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India's People

India now has over 1 billion people. Who are they? What is their history? There is no single answer to these questions. The people are almost as diverse in looks, ancestory, lifestyle, and beliefs as in their numbers. However, the people of India may be divided into a few large catagories to try to understand where they come from.


Much of Ancient Indian history is in dispute today, as it is nearly impossible to confirm events. One theory of ancestory is the story of the Indo-Aryan invaders. This is what is outlined below. However, other versions do exist, some of which claim the Indo-Aryan invaders existed, but did not have a long-lasting effect on the ancestory of Indians today. Others state that the Indo-Aryans were simply a myth. The issue is under constant investigation in an attempt to better understand who came to India so long ago.
The Indo-Aryans:

About 70% of Indians today are "Indo-Aryans". This means that their ancestors were Aryan invaders between 1500 and 200 BCE. These invaders came from central Europe and the Middle East. They spread through Northern India and settled in the Indus Valley. In time, they developed the Sanskrit language. Some intermarried with the people who they met in the Indus Valley, but many of the original inhabitants were forced South. Today, many Indians in the Northern and Central parts of the country are "Indo-Aryan".

Another 25% of the population of India are Dravidians. Their ancestors were the original inhabitants of Southern India and those in the Indus Valley who did not intermarry the Indo-Aryan invaders. Many moved further south and separated their culture. In appearance, decendants of early Dravidians are slightly shorter and darker in skin color than those Indians in the north.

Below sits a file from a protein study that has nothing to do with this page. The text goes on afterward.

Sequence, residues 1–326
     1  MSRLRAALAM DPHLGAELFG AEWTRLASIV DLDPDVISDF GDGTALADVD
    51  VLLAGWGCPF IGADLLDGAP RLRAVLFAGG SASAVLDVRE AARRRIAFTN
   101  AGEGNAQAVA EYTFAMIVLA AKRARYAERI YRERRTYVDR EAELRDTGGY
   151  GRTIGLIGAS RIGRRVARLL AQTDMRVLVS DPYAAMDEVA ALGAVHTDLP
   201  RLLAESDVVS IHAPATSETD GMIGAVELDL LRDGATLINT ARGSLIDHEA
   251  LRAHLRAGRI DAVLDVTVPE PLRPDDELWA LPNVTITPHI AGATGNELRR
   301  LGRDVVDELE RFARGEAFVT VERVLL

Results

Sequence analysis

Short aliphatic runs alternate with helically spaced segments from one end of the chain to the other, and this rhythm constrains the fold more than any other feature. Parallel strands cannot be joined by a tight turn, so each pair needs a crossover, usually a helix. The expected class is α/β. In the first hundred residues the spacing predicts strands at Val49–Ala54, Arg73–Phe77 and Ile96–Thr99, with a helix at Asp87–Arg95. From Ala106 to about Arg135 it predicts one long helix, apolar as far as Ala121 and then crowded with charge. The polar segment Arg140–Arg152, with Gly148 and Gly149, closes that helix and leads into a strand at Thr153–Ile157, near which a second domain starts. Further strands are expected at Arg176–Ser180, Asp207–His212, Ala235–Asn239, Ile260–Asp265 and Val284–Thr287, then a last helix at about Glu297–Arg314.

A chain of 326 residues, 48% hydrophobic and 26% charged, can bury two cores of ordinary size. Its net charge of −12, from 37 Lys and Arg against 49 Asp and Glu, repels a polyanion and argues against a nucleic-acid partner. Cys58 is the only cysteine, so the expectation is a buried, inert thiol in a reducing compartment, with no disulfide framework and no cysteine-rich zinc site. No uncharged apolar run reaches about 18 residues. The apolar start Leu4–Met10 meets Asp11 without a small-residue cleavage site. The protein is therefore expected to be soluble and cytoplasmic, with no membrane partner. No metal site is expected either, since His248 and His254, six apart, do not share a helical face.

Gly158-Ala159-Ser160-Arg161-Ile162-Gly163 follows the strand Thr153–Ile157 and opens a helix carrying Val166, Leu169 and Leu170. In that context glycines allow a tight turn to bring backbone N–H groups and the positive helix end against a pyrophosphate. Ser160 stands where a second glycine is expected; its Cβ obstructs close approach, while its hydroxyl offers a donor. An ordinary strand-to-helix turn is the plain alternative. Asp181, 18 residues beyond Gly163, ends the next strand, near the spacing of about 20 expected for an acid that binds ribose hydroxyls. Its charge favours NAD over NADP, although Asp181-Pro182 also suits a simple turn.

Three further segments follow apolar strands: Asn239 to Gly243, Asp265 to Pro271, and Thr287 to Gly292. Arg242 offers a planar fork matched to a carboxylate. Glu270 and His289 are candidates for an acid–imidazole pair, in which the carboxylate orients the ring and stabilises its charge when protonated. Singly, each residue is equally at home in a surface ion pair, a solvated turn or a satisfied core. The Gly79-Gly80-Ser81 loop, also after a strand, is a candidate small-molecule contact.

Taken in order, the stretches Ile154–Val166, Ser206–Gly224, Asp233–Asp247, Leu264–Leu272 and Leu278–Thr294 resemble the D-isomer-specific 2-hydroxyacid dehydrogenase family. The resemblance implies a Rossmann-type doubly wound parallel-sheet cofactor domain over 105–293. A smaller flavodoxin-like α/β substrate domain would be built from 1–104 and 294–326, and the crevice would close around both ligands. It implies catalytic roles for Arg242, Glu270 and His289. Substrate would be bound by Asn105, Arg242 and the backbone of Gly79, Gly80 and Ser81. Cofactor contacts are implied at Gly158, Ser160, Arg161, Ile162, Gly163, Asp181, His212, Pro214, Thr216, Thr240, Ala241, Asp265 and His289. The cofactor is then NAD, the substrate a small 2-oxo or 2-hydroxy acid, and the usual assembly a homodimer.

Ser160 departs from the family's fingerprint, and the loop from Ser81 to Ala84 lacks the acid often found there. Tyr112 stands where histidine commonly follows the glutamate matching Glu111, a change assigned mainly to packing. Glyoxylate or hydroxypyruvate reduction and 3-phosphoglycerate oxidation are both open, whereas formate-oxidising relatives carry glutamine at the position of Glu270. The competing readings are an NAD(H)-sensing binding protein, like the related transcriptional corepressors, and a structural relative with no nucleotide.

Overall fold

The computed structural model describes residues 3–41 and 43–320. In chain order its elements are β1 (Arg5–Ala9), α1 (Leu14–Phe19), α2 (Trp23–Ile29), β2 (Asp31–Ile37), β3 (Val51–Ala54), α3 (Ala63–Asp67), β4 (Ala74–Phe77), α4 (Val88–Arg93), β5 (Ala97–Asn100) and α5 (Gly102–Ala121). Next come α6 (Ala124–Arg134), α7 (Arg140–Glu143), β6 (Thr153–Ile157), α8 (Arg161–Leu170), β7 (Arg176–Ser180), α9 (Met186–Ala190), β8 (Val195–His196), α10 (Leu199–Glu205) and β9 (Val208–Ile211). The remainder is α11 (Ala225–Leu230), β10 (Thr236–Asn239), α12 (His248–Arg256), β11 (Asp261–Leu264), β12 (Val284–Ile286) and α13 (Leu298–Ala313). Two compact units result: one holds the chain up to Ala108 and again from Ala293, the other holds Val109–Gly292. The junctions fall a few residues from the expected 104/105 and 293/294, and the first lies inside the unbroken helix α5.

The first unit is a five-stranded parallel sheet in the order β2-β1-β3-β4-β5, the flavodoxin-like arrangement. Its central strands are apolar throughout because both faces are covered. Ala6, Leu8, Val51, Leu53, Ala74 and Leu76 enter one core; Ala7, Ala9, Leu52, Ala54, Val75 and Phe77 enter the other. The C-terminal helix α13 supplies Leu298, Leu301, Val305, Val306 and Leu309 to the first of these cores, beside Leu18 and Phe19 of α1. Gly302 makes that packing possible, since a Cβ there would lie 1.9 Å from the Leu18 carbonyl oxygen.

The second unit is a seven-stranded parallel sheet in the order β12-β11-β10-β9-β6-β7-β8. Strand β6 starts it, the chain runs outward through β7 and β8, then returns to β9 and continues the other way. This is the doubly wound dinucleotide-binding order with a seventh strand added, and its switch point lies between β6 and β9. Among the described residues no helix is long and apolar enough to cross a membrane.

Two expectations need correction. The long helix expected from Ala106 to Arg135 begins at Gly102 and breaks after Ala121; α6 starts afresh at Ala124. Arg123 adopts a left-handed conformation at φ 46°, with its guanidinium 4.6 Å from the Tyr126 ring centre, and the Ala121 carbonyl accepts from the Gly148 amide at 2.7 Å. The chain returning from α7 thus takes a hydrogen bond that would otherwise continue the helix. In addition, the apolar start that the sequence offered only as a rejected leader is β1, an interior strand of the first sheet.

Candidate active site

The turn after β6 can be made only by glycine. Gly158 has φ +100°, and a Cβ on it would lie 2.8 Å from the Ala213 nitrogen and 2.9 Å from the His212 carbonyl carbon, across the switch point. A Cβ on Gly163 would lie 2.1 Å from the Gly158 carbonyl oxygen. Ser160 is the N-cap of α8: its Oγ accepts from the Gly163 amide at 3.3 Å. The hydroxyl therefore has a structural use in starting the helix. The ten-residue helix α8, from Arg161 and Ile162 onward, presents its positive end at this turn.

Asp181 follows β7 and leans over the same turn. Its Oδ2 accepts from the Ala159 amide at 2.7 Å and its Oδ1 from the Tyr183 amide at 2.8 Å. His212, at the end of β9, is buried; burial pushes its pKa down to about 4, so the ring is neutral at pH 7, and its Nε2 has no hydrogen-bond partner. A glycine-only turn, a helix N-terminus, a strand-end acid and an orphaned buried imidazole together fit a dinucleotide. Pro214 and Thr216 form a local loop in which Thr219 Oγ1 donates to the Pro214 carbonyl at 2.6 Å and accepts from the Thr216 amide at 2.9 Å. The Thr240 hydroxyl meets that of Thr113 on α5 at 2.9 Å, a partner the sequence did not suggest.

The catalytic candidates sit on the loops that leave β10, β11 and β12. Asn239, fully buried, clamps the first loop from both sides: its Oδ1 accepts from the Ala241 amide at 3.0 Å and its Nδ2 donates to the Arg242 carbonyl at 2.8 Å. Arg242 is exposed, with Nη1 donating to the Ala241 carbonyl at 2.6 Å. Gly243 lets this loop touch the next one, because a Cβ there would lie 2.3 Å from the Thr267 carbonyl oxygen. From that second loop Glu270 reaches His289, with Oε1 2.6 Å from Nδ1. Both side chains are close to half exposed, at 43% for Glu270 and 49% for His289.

India also has over 400 tribal groups, called Adivasis. These people make up about 8% of the total population, and have been in India for thousands of years. They live mostly in rural areas, sometimes in the east of India and central areas. Adivasi groups have a defined culture, system of justice, and value system.

Unfortunately, they often go unrecognized and unprotected by the government. Their land and way of life is being destroyed, attempts are often made to assimilate them into the rest of India, and they suffer much discrimination. Several organizations, including a non-governmental organization called Bhasha, are now working to improve conditions for Adivasis.


80% of Indians are Hindus. Some of the most important texts of Hinduism, the Vedas, are believed to have been written around 1500 BCE, although this is not certain. The Vedas outline the basic philosophy of Hinduism and are expanded in texts called the Upanishads. Hindus believe that there is a single, supreme power who is creator, preserver, and destroyer of the universe. This power exists over all, without definate form, and is Supreme--God.

However, many Hindus see God in all aspects of life and all things. To help them understand and feel connected to the Supreme Power, they describe its innumerable attributes and aspects using different names and images. These attributes make up the panthenon of images in Hinduism. Some of the most common names given to the Supreme Power are Brahma, Vishnu, Devi, and Saraswati.

About 14% of Indians are Muslims and practice Islam. This religion was popularized in approximately 610 CE by Muhammad. The holy text of Islam is the Qu'ran and includes the teachings of Muhammad. Like Hinduism, Islam recognizes only one God. But in Islam, there is only one name for this Power--Allah.

Observant Muslims pray facing Mecca five times a day. They also adhere to other guidelines in their lives including charity to neighbors, observance of certain fasts, dietary laws, and pilgrimage to Mecca and Medina.
Christians and Sikhs-- even more religions:

Christians also live in India and make up 2.5% of the population.

Another 2% are Sikhs. Like Hindus, Sikhs believe in one God, but they do not accept the Hindu caste system. They have many things in common, however, such as a belief in rebirth and the power of God to shape human destiny. Many Sikhs live in the state of Punjab. They practice immense hospitality and tolerance of others. Some intermarry Hindus.

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The creator of this site would like to thank:
IndiaTogether (at http://www.indiatogether.org) for information and a powerful introduction to Adavasi issues
Sylvia McNair, author of "India" in the Enchantment of the World series, for concise information on the Indo-Aryan/Dravidian question